DJ Spooky: Remixes and Rebirths
Paul Miller uses remixing to convey a strong social message.
D.W. Griffith's 1915 film, the Birth of a Nation is both acclaimed and reviled. It's acclaimed for its cinematic innovations and technical effects. It's reviled for its extremely racist view of African Americans and its glorification of the Ku Klux Klan.
Recently, electronic and hip hop musician DJ Spooky presented his take on the 1915 film, Rebirth of a Nation - at the Mark Twain House in Hartford. It's a multimedia project that incorporates music, sounds and graphics within the original film. We recently talked with DJ Spooky - That Subliminal Kid.
His real name is Paul D. Miller and he said Birth of a Nation is a "paradoxical film," because it was whites in blackface.
Miller brings the film to a modern audience in part because today, "there's stuff that almost absurdly parallels" the film. He thinks President Barack Obama "has inherited a subtle of preconceived perceptions from people."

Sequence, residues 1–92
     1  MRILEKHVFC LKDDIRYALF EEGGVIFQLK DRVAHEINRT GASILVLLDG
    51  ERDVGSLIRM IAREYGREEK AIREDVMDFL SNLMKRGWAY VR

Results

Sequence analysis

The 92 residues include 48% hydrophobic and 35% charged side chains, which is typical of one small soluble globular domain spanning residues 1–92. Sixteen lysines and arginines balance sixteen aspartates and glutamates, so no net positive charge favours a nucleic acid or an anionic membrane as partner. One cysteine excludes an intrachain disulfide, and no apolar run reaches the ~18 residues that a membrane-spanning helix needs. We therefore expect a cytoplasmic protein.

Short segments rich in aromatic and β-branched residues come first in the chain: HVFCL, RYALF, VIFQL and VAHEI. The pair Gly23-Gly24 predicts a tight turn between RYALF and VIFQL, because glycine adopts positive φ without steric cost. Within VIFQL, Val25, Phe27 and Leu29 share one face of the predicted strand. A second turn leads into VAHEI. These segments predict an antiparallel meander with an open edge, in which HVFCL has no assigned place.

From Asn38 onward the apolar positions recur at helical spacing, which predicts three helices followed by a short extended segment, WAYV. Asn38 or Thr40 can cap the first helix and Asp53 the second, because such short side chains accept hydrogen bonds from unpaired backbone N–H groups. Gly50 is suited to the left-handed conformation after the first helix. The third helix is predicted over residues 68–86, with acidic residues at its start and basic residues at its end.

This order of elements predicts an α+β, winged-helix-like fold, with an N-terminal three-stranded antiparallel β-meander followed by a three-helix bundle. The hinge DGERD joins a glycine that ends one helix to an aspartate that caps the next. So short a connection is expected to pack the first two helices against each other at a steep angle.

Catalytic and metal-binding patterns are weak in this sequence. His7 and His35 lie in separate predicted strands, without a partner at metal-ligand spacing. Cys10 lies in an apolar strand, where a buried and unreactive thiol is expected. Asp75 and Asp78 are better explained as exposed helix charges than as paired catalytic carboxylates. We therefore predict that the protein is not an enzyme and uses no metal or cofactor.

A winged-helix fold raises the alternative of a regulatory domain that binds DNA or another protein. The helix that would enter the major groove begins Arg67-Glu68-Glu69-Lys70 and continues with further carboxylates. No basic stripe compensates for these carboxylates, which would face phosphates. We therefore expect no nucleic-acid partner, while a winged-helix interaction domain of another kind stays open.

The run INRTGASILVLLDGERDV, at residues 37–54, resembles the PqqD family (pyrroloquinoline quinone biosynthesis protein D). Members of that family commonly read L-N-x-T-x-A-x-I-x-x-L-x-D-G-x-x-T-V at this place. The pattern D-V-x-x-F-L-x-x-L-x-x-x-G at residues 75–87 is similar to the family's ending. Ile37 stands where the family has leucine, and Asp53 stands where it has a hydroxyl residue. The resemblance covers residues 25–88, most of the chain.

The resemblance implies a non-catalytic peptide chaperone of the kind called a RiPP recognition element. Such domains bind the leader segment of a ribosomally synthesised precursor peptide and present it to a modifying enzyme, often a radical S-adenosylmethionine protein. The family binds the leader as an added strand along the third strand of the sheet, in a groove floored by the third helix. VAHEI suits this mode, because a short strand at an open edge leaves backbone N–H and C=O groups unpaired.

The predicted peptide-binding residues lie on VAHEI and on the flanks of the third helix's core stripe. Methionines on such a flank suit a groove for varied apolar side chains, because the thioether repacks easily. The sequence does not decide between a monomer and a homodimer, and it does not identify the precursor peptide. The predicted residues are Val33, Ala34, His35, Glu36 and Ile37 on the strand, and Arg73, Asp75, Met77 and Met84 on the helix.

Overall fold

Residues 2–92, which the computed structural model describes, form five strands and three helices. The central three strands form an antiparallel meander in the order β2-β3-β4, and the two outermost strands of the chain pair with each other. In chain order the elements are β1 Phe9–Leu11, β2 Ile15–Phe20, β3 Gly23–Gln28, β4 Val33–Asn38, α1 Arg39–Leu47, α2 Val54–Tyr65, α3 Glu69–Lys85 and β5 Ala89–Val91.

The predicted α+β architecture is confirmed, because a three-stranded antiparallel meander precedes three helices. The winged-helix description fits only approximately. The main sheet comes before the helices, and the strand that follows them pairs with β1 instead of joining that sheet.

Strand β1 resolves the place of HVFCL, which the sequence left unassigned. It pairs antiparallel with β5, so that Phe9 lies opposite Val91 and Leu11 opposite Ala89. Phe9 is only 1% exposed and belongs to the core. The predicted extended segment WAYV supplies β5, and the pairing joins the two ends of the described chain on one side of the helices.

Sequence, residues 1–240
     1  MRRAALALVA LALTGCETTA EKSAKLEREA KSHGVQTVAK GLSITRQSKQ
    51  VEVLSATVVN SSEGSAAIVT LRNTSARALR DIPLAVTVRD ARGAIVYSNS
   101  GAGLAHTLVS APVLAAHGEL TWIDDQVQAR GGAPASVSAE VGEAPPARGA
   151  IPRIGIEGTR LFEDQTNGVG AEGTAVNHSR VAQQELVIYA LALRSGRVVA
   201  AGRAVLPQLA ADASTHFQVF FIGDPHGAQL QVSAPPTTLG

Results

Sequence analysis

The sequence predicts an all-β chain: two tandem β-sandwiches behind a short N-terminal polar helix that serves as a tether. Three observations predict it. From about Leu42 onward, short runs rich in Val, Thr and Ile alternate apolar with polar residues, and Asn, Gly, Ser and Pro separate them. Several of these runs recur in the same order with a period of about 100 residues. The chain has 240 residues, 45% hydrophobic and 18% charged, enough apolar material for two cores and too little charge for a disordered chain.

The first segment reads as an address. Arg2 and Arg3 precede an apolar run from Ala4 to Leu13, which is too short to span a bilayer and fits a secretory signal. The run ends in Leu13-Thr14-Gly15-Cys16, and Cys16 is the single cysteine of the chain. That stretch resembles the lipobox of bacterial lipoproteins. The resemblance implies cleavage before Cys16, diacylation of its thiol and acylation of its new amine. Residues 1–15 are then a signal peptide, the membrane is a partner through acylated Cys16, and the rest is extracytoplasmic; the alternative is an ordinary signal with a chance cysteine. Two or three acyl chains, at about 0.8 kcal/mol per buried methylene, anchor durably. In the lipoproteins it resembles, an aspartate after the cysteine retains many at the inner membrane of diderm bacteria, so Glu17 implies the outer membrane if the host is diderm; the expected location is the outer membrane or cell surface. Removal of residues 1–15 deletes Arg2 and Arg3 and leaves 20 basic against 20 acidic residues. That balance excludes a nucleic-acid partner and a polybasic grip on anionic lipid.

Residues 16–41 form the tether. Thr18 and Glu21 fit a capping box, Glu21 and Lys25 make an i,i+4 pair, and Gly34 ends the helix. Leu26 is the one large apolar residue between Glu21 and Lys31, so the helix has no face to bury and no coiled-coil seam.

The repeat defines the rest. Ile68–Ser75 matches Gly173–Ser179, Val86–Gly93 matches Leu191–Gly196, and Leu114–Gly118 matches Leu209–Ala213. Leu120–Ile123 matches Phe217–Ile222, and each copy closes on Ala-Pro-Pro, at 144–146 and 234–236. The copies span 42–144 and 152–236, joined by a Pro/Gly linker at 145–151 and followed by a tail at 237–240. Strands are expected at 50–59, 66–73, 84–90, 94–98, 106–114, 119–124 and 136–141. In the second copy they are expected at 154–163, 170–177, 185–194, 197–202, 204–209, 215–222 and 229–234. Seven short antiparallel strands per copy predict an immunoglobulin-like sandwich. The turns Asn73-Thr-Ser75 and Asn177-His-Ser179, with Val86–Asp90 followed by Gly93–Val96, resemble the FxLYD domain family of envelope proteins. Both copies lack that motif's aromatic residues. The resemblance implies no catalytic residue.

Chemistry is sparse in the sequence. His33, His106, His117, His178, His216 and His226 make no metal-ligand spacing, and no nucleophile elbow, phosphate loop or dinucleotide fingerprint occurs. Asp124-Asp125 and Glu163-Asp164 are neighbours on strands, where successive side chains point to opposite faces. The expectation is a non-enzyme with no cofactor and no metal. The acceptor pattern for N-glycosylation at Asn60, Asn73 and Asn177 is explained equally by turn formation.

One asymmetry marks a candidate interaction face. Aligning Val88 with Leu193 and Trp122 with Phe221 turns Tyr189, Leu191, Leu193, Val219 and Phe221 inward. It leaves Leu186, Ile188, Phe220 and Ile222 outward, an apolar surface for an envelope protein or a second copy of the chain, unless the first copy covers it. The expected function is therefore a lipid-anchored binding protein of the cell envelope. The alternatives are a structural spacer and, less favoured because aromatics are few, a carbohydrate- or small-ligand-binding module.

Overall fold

Miller said he never intended to be a DJ. He attended Bowdoin College where he got degrees in philosophy and French literature. He always meant for his work to be an art project. "The secret to DJing is collage. You're pulling elements from all these different places," said Miller.
For Rebirth of a Nation, Miller had the Kronos Quartet record his compositions. "We had a great situation where I could sample and remix their playing of my compositions," said Miller.
When he screens his remixed film live, he is able to present the film's soundtrack but also allows audiences "to see the potential for what could have happened with a lot of different versions of the same song."